Nova Mob: June 2nd with John Clute

Murray notes:

Dear Nova Mob and friends, our guest at the forthcoming Nova Mob is the witty, erudite, compelling, and encyclopaedic John Clute, science fiction’s foremost critic!

Frankly I’m just gobsmacked, colour me purple, tickle me pink, and over the moon. Delighted, yes definitely delighted. But expect no such cliches from our guest! Our time together will be a fireside chat, and I do recommend “some research required” for your questions to be put to John.

Already I’ve enquired gently of John about book storage problems, reflections on where the Encyclopaedias came from and where they are going, and whether the phrase “the Gene Wolfe of SF criticism” would be a good fit. With some poise he has replied:

Gene Wolfe —  I can certainly say in our conversation why that’s interesting, but also (stature aside) I’d distinguish between us. I can do questions about Fantastika; memories of Peter Nicholls; the theory of archive as applied to Collections

Fantastika has considerable appeal; the concept solves many of the field’s definitional problems. It acknowledges that the English-speaking world has taken up some ill-wrought terms to describe science fiction, fantasy, and horror, to the point where the term “Fantastic” as used by Suvin and many others cannot comfortably be applied directly to American, UK, and other English-language criticism of the field. “Fantastika” has the ring of truth to it, please dive in, it’s worth it. (The first four items steadily get more sophisticated and nuanced)

From Locus, an introduction to John: https://locusmag.com/2009/09/john-clute-fantastika/

From a certain essential Encyclopedia:

http://sf-encyclopedia.com/entry/fantastika

Fantastika in the World Storm – a talk by John Clute

https://web.archive.org/web/20161217191546/http://www.johnclute.co.uk/word/?p=15


Fantastika; or, The Sacred Grove
. Article, Fantastika Journal. Volume 1. Issue 1. April 2017. John Clute.
Start at page 13, and describes the eight or so dimensions contained in the  concept of Fantastika

https://fantastikajournal.com/wp-content/uploads/2018/11/Fantastika-Journal.-Vol-1.-Issue-1.pdf

Others:

A brief yet lightning-sharp review of Thomas Harris’s Hitler Wins novel, Fatherland:

https://web.archive.org/web/20161229131658/http://www.johnclute.co.uk/word/?p=9

An introduction to John Clute by Douglas Fratz which captures tone superbly:

https://www.sfsite.com/09b/pi376.htm

“Clute has dedicated his life work to the field of SF, fantasy and horror — to Fantastika — and all of us in the field should be profoundly grateful that he has done so.”

Obligatory wikipedia entry:

https://en.wikipedia.org/wiki/John_Clute#Excessive_candour

John Clute’s web site and books:

https://web.archive.org/web/20160326014153/http://johnclute.co.uk/

https://www.fictiondb.com/author/john-clute~32306.htm


NOVA MOB JUNE MEETING – 2 JUNE – JOHN CLUTE

You are invited to a scheduled Zoom meeting.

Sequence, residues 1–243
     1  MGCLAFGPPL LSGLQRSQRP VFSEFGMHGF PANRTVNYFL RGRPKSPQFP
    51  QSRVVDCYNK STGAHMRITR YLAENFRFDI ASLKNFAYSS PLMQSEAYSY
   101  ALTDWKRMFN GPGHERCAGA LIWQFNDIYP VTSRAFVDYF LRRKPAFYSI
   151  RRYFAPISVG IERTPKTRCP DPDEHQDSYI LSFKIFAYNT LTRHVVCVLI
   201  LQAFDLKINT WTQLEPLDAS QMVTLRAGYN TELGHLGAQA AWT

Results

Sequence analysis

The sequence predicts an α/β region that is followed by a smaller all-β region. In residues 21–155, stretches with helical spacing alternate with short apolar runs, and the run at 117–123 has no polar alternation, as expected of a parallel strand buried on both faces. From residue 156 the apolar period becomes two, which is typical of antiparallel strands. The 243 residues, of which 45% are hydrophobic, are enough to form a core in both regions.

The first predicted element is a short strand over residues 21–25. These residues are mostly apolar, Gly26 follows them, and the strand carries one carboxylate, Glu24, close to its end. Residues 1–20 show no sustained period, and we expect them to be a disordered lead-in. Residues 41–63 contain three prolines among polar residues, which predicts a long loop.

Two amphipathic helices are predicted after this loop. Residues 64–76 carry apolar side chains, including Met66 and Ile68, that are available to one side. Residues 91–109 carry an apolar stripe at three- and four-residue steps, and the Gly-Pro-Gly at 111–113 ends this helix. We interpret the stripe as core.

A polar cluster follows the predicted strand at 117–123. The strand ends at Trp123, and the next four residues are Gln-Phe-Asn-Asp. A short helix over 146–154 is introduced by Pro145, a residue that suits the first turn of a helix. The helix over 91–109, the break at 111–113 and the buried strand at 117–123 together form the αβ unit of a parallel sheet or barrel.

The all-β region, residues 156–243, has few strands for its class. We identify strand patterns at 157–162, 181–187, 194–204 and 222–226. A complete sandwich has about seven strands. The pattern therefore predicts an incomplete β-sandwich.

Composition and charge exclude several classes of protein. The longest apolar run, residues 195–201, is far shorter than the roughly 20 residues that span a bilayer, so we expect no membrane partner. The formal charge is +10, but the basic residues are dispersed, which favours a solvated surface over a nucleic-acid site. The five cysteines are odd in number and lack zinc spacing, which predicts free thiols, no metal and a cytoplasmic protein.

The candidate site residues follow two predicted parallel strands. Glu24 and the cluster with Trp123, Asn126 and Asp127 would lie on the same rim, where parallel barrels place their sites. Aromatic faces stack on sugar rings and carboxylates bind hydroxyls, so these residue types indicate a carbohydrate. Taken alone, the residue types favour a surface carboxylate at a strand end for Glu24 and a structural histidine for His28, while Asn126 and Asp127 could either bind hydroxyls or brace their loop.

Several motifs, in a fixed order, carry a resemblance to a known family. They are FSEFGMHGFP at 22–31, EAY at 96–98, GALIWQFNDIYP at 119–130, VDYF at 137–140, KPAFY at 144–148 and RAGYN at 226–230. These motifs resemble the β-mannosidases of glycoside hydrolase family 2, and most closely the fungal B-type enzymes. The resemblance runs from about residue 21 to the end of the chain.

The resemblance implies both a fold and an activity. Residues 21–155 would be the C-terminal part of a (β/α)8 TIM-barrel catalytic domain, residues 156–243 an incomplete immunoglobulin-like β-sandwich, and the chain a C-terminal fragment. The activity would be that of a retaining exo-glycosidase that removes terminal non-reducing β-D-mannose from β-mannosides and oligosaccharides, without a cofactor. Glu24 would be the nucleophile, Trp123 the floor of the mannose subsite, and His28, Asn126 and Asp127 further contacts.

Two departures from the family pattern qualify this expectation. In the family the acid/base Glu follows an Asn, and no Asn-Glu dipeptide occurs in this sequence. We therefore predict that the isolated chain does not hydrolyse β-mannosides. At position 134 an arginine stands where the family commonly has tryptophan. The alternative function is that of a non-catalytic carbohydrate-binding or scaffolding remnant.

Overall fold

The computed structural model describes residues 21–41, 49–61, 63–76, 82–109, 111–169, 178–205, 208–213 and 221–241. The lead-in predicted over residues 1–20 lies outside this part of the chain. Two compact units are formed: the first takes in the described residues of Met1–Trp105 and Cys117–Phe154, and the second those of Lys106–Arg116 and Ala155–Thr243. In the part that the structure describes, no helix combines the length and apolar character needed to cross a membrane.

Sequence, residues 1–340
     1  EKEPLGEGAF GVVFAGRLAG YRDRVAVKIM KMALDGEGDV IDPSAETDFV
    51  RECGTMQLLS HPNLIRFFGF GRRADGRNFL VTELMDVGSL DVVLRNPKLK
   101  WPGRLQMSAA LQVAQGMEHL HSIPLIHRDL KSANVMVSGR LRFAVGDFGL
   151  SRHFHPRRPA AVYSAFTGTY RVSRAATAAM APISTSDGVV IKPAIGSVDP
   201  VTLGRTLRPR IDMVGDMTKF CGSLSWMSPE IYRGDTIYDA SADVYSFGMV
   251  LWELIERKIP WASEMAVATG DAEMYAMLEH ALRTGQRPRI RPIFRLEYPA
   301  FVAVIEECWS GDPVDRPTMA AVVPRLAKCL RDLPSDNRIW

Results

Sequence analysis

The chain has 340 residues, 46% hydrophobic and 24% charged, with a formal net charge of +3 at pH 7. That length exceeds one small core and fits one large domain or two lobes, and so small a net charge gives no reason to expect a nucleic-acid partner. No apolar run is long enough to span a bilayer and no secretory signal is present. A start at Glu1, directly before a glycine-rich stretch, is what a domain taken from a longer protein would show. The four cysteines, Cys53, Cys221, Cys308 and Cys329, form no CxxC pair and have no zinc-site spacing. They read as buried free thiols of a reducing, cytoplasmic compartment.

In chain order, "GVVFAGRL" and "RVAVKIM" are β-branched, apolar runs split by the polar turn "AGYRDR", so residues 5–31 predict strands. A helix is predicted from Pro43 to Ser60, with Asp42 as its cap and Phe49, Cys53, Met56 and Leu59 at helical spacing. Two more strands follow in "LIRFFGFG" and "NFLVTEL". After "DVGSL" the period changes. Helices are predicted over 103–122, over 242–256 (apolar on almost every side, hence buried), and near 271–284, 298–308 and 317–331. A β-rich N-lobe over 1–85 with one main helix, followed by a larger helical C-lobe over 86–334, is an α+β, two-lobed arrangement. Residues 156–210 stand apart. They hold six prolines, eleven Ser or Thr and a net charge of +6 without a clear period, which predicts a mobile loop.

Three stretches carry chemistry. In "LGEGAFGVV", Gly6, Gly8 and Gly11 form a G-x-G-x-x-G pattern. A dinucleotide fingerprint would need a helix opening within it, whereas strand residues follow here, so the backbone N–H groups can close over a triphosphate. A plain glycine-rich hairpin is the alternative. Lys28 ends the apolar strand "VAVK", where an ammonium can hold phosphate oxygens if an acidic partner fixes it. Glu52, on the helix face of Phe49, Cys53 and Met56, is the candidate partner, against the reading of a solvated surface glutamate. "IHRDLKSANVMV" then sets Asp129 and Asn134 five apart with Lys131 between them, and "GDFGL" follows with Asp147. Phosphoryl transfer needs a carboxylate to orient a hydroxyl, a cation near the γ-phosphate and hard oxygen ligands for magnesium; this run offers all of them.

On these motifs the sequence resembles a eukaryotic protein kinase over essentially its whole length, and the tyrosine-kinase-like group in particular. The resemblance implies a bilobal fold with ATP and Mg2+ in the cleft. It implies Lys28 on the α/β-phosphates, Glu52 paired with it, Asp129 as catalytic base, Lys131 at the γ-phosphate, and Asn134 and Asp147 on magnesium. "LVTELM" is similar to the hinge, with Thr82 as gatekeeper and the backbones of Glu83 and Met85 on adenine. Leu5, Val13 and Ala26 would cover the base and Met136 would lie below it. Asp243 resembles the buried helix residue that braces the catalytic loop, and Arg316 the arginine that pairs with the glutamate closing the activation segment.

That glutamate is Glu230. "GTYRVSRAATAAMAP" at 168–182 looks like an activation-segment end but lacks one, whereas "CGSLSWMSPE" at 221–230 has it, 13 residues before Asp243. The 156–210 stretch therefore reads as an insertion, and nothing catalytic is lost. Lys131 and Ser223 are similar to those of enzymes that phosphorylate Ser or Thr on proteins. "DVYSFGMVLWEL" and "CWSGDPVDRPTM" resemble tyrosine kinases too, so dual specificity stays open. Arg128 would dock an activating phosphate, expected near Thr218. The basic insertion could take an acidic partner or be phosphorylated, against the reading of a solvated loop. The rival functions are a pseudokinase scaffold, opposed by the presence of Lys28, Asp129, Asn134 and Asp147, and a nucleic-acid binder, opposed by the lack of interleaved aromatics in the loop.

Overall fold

Topic: Nova Mob 2 June – John Clute – A Fantastika Fireside chat
Time: Jun 2, 2021 8:00pm Canberra, Melbourne, Sydney; 7:30 Adelaide

Join Zoom Meeting
https://us02web.zoom.us/j/4177583193?pwd=VjdPL1BhSTBNclN2YnRsejN3Y1hlUT09

Meeting ID: 417 758 3193
Passcode: nova

Sir Julius Vogel Award finalists announced

The 2021 Sir Julius Vogel Award finalists have been announced. The awards recognize excellence in science fiction, fantasy, or horror works created by New Zealanders and New Zealand residents.

Best Novel

  • Gad’s Army by Drew Bryenton (Sci Fi Cafe)
  • The Stone Weta by Octavia Cade (Paper Road Press)
  • Transference by B.T. Keaton (Ingleside Avenue Press)
  • The Court of Mortals by A.J. Lancaster (Camberion Press)
  • Blood of the Sun by Dan Rabarts and Lee Murray (Raw Dog Screaming Press)

See the full list of finalists at http://file770.com/2021-sir-julius-vogel-award-finalists/

Nova Mob, Wed March 3rd

Murray writes
Hi all Nova Mob participants and friends
Our guest this coming Wednesday is best-selling science fiction author and commentator John Birmingham. With thanks to the Mob members who asked for some military SF on the Nova Mob program. John is Australia’s biggest-selling and finest exponent of the timeslip military SF alternate history monster apocalypse great powers airport thriller genre.

John won the 2005 Locus Award for best first novel for his “Weapons of Choice”, the first in his Axis of Time trilogy of alternative history novels based on a modern fleet of warships going back in time to World War Two. A later trilogy, Stalin’s Hammer, addresses the legacy of the fall of the Axis of Time as Stalin’s USSR seeks to reshape the world. The James Kipper series asks, “what would happen if the USA just suddenly disappeared?” and the Dave Hooper series is a monster apocalypse thriller gorefest. Of course, John first came to fame with He Died with a Felafel in his Hand and is known for his commentary on modern Australia politics.